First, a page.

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Again; looking at this account, and comparing it with the quotation from Prideaux, we see why Job's boils are expressly ascribed to satan, without any other agent being concerned in their production. All evil indiscriminately, was ascribed to the evil god or satan, as all good was to the good god. But, as there was no visible agent to which the boils could be ascribed, no agent in this case is mentioned. Satan, or the evil god, has to father this affliction himself, without the assistance of any agent. Hence it is said, satan smote Job with the boils, which is not said respecting his other afflictions, though the whole aspect of the account, is in agreement with considering him the author and director of all evil. I shall only add, that it has always appeared strange, that in this account, satan should be represented as conversing freely and familiarly with God. But if the account be aş I have stated, the good and evil gods are here only represented as conversing together. It was in unison with the popular opinions concerning them.

In concluding our remarks, let us briefly notice some points of similiarity in the Magian creed, to those of Christian creeds in the present day.

The Persians then had one good being or god, and also one evil being. Or, as Prideaux observes, "that is to say God and the devil." Christians in this are perfectly agreed with them, for they believe in one God, and also one devil. Again; the Persians believed, that these two gods were the authors of all good and evil in the world. In this also Christians agree with them, for all good they ascribe to God, and impute all evil to satan, or the devil. Further; the Persians made darkness the symbol of their evil god. So do Christians. When they speak of the devil he is described as black, dark, and hideous, and as loving darkness, and dwelling in darkness, and keeping men in darkness, and will lead them at last into eter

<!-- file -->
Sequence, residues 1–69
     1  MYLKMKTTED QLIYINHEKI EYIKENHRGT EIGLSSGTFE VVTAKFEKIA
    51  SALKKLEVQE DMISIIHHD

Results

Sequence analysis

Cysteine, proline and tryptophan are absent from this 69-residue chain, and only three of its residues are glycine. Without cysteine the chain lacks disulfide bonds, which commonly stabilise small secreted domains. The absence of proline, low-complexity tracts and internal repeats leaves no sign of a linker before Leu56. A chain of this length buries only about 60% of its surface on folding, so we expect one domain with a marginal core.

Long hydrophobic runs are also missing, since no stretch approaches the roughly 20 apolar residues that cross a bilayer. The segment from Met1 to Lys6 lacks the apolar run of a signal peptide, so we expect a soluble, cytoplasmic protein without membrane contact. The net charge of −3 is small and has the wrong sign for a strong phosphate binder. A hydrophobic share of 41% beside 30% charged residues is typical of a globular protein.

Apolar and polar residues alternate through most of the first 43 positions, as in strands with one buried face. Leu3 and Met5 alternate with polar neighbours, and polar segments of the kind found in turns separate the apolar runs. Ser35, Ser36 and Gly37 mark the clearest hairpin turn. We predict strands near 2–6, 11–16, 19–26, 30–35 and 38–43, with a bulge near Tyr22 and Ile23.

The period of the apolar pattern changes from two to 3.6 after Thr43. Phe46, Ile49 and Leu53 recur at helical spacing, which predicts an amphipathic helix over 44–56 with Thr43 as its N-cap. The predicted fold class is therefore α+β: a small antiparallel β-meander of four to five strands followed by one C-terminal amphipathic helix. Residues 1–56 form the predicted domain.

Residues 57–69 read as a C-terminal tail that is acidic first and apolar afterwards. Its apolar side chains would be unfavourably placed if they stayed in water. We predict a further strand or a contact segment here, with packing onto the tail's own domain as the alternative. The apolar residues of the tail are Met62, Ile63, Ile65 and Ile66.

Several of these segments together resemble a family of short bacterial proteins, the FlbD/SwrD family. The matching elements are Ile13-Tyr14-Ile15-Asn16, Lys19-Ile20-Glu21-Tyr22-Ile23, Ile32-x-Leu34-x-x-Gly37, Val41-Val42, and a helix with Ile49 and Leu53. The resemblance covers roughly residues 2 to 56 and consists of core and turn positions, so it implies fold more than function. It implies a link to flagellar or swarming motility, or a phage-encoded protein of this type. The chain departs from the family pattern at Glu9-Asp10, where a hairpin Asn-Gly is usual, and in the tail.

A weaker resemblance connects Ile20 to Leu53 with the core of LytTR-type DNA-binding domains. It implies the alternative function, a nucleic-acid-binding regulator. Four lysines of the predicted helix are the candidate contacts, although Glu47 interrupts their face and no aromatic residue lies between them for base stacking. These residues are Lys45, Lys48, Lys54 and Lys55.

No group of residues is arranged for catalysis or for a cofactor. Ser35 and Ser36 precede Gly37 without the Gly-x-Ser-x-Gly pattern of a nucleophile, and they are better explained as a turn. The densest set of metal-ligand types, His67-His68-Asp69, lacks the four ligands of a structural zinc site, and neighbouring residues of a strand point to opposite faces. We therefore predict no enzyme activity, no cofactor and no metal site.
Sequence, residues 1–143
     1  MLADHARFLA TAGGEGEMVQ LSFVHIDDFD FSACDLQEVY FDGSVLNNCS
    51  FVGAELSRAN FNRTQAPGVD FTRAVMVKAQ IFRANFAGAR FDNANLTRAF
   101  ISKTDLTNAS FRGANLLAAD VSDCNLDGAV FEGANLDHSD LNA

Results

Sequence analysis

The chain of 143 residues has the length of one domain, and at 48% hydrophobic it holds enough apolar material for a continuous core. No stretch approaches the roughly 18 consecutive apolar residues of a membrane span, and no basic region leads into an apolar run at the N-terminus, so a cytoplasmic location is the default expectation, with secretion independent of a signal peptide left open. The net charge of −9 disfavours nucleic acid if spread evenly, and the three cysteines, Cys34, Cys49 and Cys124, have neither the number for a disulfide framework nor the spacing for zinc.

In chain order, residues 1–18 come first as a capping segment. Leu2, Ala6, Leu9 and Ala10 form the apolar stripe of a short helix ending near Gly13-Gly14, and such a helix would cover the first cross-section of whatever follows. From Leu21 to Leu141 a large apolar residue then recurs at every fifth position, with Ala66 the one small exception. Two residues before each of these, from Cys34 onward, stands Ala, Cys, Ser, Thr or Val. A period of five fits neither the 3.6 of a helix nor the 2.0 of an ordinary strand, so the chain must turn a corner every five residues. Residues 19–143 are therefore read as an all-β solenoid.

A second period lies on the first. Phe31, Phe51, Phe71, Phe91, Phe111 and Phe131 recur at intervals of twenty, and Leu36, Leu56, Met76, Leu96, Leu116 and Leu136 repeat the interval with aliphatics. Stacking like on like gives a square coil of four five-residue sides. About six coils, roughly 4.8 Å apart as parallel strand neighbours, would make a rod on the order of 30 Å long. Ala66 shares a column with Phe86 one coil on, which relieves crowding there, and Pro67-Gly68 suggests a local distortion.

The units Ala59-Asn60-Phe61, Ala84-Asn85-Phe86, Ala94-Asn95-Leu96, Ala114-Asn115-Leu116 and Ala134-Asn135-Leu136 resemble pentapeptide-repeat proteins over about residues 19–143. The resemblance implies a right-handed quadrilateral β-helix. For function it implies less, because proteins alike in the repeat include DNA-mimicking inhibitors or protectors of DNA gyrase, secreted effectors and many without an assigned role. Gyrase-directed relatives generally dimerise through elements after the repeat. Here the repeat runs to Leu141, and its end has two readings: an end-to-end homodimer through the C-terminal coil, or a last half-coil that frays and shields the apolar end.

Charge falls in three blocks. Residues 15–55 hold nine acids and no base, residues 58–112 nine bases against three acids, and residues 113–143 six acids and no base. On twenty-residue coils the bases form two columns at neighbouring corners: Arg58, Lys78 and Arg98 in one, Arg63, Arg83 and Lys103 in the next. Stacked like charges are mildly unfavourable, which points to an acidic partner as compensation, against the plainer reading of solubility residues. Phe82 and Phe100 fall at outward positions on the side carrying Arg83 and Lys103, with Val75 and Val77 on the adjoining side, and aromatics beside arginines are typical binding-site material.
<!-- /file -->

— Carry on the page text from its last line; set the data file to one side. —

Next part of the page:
nal darkness. Again; the Persians believed that their good god was eternal. Some believed also, that their evil god was eternal. About this, there was a diversity of opinion. So all Christians believe their good god to be eternal, but about the devil there is a difference of opinion. Though none of them believe him to have been from all eternity, yet some of them believe that he is to live for ever, and shall remain eternally the same wicked being. Others of them think that, after a long period of punishment, he will be either struck out of existence, or be redeemed and made eternally happy. But again, the Persians believed, that there was a continual opposition between their good god and evil god, and that this should continue to the end of the world. Then, the good god shall overcome the evil god, and thenceforward each of them shall have his world to himself, that is, the good god his world with all good men with him, and the evil god his world with all evil men with him. All Christians contend, that there is a continual opposition between their God and the devil, and that this opposition shall continue to the end of the world. Then, God is to overcome the devil, and from that time thenceforward, God is to have his world and all good men with him, and the devil is to have his world, and all wicked men with him. Such are a few of the leading points of similiarity, between the ancient Magian faith and Christians in our day, respecting God, the devil, and future punishment. It is but proper and fair to notice

2d. Some of the points of dissimilarity between them. The Magians then believed, that their good and evil gods were only "two principles." These principles they not only personified, but deified and worshipped. When Xerxes prayed for evil on his enemies, "he addressed his prayer to Arimanius, the evil god, and not to Ormasdes, their good god." Chris